Is It Necessary to Centralize Power in the CEO to Ensure Environmental Innovation?
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Eco-innovationEnvironmental innovationCEO powerCEO abilityFinancial performanceUpper echelon theory
Aibar-Guzmán, Beatriz, and José-Valeriano Frías-Aceituno. 2021. Is It Necessary to Centralize Power in the CEO to Ensure Environmental Innovation? Administrative Sciences 11: 27. https://doi.org/10.3390/ admsci11010027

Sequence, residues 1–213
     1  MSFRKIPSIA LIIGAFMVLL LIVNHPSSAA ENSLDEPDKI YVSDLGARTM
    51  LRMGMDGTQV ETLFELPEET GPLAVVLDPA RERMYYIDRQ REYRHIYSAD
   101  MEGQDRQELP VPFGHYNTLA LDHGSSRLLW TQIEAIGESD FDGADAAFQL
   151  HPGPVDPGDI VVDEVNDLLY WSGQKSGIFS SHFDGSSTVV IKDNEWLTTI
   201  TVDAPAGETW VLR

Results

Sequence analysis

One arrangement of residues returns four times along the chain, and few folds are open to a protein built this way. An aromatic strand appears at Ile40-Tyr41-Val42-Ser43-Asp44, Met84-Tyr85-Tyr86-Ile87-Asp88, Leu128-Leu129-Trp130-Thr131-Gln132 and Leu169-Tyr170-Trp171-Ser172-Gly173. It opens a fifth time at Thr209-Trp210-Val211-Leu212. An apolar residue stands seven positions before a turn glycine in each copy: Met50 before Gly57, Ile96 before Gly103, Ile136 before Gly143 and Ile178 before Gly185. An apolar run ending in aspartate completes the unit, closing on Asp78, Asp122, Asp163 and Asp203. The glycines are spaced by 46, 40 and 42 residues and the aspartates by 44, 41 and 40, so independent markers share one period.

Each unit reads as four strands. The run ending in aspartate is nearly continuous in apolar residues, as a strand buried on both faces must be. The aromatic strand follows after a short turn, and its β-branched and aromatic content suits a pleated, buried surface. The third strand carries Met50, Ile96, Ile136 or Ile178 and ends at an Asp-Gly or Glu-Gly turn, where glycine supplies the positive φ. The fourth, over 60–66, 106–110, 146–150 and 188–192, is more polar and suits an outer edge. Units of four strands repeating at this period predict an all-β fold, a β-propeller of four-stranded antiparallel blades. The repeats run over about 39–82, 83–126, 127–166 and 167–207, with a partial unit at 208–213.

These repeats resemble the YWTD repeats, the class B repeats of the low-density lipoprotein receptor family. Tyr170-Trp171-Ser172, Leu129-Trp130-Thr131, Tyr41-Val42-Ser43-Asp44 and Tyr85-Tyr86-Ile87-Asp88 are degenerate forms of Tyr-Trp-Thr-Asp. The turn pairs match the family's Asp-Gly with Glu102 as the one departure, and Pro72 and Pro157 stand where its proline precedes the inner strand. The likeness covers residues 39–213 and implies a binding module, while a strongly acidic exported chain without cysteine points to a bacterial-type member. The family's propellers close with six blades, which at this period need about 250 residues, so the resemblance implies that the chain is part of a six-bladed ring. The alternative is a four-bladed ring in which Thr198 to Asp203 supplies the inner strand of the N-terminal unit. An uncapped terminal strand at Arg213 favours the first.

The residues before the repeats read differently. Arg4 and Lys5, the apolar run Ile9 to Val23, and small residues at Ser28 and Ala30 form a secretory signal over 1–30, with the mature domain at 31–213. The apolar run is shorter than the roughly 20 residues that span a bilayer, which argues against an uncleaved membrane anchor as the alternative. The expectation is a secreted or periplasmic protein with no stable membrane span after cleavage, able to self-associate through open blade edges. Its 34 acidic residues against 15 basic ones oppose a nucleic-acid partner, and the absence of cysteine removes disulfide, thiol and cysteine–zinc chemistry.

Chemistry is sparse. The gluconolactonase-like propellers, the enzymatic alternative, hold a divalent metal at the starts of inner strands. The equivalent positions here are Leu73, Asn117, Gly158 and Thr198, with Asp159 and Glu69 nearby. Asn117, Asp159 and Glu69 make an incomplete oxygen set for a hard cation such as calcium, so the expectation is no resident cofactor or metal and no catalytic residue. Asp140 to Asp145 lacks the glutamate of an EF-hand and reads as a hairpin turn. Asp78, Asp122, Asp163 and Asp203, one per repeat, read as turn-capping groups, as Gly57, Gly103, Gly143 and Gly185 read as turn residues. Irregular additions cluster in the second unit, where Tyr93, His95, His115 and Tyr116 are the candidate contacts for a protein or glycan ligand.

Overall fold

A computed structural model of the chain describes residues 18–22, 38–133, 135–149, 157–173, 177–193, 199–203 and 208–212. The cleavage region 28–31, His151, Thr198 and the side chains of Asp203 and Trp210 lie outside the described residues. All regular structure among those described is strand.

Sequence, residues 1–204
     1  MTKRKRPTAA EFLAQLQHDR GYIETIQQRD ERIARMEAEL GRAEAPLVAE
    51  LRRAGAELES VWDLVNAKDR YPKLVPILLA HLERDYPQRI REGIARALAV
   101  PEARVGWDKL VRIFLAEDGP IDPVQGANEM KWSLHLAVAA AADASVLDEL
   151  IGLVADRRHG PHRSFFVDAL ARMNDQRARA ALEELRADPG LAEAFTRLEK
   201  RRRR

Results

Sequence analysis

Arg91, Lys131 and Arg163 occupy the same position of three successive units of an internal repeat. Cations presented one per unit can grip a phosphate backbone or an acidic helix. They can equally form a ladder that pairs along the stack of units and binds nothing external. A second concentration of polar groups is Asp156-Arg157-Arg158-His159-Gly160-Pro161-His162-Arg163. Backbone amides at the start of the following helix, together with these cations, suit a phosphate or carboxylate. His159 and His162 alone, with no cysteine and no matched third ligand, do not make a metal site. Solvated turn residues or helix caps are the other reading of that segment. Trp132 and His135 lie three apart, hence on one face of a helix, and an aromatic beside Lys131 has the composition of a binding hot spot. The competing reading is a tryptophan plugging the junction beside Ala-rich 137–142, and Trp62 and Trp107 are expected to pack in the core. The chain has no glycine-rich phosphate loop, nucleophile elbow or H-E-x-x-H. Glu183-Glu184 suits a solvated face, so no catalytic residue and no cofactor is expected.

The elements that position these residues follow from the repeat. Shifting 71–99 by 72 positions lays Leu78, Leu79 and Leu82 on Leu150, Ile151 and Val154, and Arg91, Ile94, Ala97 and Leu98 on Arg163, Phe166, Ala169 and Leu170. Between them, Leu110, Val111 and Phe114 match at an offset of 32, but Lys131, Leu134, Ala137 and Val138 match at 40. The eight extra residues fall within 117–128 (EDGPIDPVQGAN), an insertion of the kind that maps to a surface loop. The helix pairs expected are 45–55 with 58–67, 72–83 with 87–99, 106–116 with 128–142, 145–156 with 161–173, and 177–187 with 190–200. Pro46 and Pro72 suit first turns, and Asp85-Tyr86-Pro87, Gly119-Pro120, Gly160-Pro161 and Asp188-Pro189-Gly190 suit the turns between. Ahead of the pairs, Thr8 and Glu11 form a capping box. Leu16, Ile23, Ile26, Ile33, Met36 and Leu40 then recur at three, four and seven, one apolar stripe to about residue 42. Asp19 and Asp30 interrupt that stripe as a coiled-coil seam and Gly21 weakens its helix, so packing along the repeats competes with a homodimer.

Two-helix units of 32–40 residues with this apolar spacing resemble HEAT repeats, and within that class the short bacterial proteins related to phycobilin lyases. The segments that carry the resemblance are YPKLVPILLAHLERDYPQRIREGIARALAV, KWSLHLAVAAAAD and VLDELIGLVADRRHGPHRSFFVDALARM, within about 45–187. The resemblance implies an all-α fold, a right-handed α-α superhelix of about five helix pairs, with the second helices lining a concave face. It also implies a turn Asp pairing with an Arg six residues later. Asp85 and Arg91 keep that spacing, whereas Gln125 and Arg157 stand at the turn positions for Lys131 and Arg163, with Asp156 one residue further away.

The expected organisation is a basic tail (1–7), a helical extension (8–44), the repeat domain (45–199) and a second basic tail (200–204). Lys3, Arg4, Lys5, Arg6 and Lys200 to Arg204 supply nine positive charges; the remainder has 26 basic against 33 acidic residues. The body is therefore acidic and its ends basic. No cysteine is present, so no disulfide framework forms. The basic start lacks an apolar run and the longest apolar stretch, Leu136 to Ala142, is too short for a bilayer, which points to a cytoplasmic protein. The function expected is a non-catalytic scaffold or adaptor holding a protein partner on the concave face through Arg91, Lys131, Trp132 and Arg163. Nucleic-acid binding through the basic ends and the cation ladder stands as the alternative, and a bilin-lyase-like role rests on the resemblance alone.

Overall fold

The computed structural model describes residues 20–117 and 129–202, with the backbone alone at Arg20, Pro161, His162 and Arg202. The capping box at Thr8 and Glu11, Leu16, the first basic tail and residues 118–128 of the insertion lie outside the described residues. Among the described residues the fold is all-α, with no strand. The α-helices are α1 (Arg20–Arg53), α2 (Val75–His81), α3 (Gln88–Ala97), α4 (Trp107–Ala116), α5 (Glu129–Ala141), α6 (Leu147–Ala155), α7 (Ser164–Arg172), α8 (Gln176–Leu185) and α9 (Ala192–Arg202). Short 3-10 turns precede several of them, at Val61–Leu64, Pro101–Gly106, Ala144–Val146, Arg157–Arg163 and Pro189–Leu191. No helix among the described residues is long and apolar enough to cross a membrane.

Using data from a sample of 4863 international firms corresponding to the period 2002–2017, this paper examines the role that chief executive officer (CEO) power plays in environmental innovation and the impact that these strategies have on financial performance. Both issues have been the subject of considerable debate in the literature, with opposite views and contradictory findings. The results indicate that investing in environmental innovations related to the use of clean technologies, ecological production processes, and the design, manufacture and commercialization of environmentally sustainable products requires that CEOs have a greater degree of power in order to support projects that do not entail a higher return in the short and medium terms. Additionally, the results show that the negative economic effect of eco-innovation reverses in the fourth and fifth years after environmental innovations were implemented. Thus, this study supports the view regarding a “bright side” of CEO power with regard to corporate sustainability.